Pasadena, CA: Red Hen Press, 2013. 216 pages. $15.95.
(Click on cover image to purchase)
The literature of the Vietnam War, like most war lit, is haunted by the effort to find or create a listenership. Listen to what happened to me, each novel or poem or memoir seems to say. Grabbing us by the collar, they remind us, yes, and in your name. For the Vietnamese, the process began in earnest when Doi Moi (Renovation), the communist government’s version of Perestroika, allowed limited publication of post-war voices that had long been circulated underground in their version of Samizdat. Nguyen Huy Thiep’s short story “The General Retires” set an early high water mark, soon followed by works by Bao Ninh (The Sorrows of War), and Duong Thu Huong (Novel without a Name). The circle began to close full in 1998, when novelist and memoirist Wayne Karlin, a Marine veteran, published The Other Side of Heaven: Post-War Fiction by Vietnamese and American Writers with co-editors Le Minh Khue, from Hanoi, and Truong Vu, a South Vietnamese immigrant now living in Maryland. “This book,” writes Karlin in his introduction, “was born out of the meeting of two people who, if they had met two decades previously would have tried to kill each other.” As the collection’s title hints, getting to heaven depends upon the mysterious act of truly hearing and knowing the Other.
One of the astonishing short stories in Karlin’s volume, “She in a Dance of Frenzy,” is now joined by thirteen more in Andrew Lam’s new collection, Birds of Paradise Lost. Each story from a different narrator, Birds of Paradise Lost is an exercise, and a superb one, in voice. One of Lam’s greatest gifts is his ventriloquist-like ability to get inside each narrator’s skin. Just as Lam connects with and penetrates each persona, so too each persona achieves a moment that bridges or leaps the gap between our two cultures, forever wedded by the tragic war.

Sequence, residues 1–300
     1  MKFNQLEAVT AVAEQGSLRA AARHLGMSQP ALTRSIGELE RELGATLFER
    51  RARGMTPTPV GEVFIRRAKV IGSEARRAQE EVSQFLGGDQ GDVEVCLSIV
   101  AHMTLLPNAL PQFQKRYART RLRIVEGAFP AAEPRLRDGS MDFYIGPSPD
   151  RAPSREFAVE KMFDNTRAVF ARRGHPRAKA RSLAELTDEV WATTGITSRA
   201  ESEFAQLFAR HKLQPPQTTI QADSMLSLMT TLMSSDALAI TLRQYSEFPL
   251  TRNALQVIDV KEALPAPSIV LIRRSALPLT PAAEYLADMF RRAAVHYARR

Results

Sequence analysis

Lam won the PEN Open Book Award (formerly known as the Beyond Margins Award) in 2006 for Perfume Dreams: Reflections on the Vietnamese Diaspora and, in 1993, the Outstanding Young Journalist Award from the Society of Professional Journalists. He is currently the web editor of New America Media and a frequent contributor to NPR’s All Things Considered. His father was a top ARVN general in the war; his grandfather was instrumental in founding the Cao Dai sect. Lam was a child of privilege who attended French lycée and dined at the family villa in Dalat with touring American idols like John Wayne, Robert Mitchum, and Henry Fonda (who complained of his daughter). At eleven, Lam’s journey as a boat-person finally brought him to America. Perhaps Lam learned early the trick of other cultures.
For the challenge of truly listening to the Other is not a problem only encountered in war. It is a problem too of war’s refugees. Knowing the Other—different culture, different history, different purpose and ideology, different skin—takes an act of imagination, if not alchemy. Whether we penetrate cultural, political, or individual boundaries, it is an act so rare that we may as well call it magic. Such magic is the alchemy of much great art.
Such magic becomes a running theme in Birds of Paradise Lost. In “Show & Tell,” the narrator Bobby, an American seventh grader, begrudgingly befriends at their teacher’s request a newly arrived “refugee.” Cao Long Dinh speaks no English but is a talented draftsman. Like most kids Bobby loves comic books, especially “Phoenix [who’s] so very cool ’cuz she can talk to you psychically and she knows how everybody feels without even having to ask them.” Plagued by bullies and without any English, “Kal,” as Bobby takes to calling him, takes to the blackboard for “show and tell” and Bobby, Phoenix-like, “translates”: